Supporting our Local Businesses
By Gregory T. Federspiel
The on-going pandemic has created—and continues to create—challenges for all of us. Our downtown merchants, so important to maintaining a vibrant and welcoming Village area, have had to deal with forced closings, fewer summer visitors with the beach open to residents only, and many of us staying at home often making on-line purchases through national chains rather than patronizing our local shops. In short, they need our support more than ever in order to remain in business.
The Selectmen, recognizing that shopping local will be more important than ever, voted Monday to use some of their unrestricted donation funds that they have received to help promote Manchester businesses. We will team up with local merchants under the leadership of Erika Brown at The Cricket to rollout a series of new initiatives that, together, will focus on promoting our downtown merchants to residents of Manchester and to the larger Cape Ann community, starting with the critical holiday shopping season and extending right through early Spring in order to give customers a solid and safe length of time to enjoy our stores. The ultimate idea is that, together, we can make a difference to the businesses we know, appreciate and very much value.
The three-month promotion includes display ads in The Cricket to offer merchants a space to promote themselves and their offerings in the paper and online. At the same time, the paper will create, free of charge, a “Support Local” enter-to-win promotion consisting of seven “shopping sprees” between $100 and $250 each to be spent at our downtown shops. The program will also partner with the Bridge Cape Ann Facebook community operated by Kory Curcuru to regularly highlight our downtown stores in video streams to the Bridge Cape Ann’s 16,000 followers. Everyone involved has pitched in to offer their services heavily discounted or free to ensure these donated dollars go as far as possible.
Also, in the works is a revamped Christmas By The Sea celebration from the Cape Ann Chamber of Commerce, including a new and safe Holiday Stroll weekend of events for the whole family and a “Winter Lights” push for businesses to decorate their storefronts. The special lights on the Town Common will complement this effort nicely.
Much has been written about the role local merchants play in a community. From local jobs and taxes to being sponsors of many local fundraising efforts and providing needed services and goods, businesses in town contribute to the vitality of the community. Many of our businesses have been here for decades, while others are relatively new. Regardless, if we are to have local shops, they need our patronage. So, take advantage of the promotions coming up in the next few weeks and months and know that you are helping the whole community in doing so.
40B Project Update: Over 160 participants listened and commented on the 40B project proposed on land across the street from the Utopian Farm Stand and Atwater Avenue during the first public meeting on the project held October 29th. The developers presented an overview of the project and highlights of their traffic and fiscal impact studies. The project submittals, a recording of the presentation and a record of the many comments submitted in the “chat” function can all be found on the 40B page of the Town’s web site.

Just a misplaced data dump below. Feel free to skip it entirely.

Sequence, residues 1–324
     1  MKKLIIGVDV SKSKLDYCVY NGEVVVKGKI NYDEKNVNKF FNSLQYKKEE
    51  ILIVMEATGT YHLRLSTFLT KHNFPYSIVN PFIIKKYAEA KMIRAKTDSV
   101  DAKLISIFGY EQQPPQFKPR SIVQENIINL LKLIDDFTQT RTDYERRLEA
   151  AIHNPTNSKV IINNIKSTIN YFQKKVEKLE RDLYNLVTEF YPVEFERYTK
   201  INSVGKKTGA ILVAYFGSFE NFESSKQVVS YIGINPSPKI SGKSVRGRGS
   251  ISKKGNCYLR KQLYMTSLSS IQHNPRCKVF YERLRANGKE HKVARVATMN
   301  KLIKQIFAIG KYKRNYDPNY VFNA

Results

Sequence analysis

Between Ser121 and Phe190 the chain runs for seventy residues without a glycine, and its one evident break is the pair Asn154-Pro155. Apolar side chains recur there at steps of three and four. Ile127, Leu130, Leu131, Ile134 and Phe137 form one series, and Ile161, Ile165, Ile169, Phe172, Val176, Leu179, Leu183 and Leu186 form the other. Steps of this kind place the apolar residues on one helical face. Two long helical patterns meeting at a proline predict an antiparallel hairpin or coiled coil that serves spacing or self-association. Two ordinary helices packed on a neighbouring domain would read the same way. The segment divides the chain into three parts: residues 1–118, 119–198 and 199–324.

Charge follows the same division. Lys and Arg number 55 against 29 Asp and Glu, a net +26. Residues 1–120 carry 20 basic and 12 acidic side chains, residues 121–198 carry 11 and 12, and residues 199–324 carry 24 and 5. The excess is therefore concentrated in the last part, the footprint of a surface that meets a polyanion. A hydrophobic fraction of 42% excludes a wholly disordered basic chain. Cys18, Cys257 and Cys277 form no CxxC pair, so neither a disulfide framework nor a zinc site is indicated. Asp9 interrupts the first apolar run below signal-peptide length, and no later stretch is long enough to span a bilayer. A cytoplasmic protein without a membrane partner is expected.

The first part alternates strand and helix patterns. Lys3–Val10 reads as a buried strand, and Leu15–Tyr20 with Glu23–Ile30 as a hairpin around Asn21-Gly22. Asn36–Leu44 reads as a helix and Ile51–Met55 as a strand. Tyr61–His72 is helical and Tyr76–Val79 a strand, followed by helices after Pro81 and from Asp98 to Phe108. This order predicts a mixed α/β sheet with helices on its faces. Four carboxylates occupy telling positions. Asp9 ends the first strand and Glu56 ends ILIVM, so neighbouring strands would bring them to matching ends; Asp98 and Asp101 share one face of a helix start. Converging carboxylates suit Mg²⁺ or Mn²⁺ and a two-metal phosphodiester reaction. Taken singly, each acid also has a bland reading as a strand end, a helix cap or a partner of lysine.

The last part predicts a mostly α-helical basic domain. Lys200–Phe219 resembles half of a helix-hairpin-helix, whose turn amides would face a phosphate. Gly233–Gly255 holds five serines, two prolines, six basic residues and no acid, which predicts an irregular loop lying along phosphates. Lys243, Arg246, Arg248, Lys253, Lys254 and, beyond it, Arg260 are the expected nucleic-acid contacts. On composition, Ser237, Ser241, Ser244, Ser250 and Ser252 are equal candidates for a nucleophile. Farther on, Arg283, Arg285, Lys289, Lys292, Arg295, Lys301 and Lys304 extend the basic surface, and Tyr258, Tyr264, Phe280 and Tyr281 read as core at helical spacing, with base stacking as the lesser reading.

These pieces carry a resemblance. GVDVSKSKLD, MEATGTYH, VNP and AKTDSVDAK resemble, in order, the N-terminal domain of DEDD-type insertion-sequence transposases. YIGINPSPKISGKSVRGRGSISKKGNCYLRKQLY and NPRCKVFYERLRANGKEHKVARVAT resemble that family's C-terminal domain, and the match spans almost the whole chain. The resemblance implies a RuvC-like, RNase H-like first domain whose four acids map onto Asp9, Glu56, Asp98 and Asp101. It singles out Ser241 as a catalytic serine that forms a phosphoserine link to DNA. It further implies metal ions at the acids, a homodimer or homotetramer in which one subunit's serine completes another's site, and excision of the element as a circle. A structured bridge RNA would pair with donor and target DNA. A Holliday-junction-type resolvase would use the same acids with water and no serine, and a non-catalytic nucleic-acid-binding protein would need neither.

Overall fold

Among the comments were calls to “just say no” to the project. The challenge with this strategy is that ultimately the state is likely to say “yes.” Even if we say no locally, the developer can appeal such a decision to the state’s 40B appeal board. This board is likely to approve the project and we may lose the opportunity to obtain various mitigating measures that could make the project more beneficial to the community. State approval is likely given that our affordable housing stock is less than half the minimum the state asks towns to have. The appeal board favors the construction of more affordable housing units, especially in this time of escalating real estate prices and documented housing shortages.
The Selectmen will continue to review how they might pursue a preliminary endorsement of the project subject to various conditions. If such an endorsement is successfully negotiated with the developer, the conditions become the minimum that the ZBA includes if they decide to issue a comprehensive permit and are binding on the developer (though an appeal to the state is possible unless agreed not to ahead of time.) Typically, the conditions the Selectmen negotiate address broad areas of need/concern while the ZBA takes a deeper dive into various technical aspects of the project and will usually add additional conditions.
Deciding whether to issue a preliminary endorsement of the project will take place during upcoming public meetings of the Selectmen. The next session is scheduled for November 12 at 6:30PM and will be a workshop session were the Selectmen will be discussing an initial list of issues/concerns they wish to pursue with the developer. Remember, this is all a precursor to the public hearings that the ZBA will eventually hold.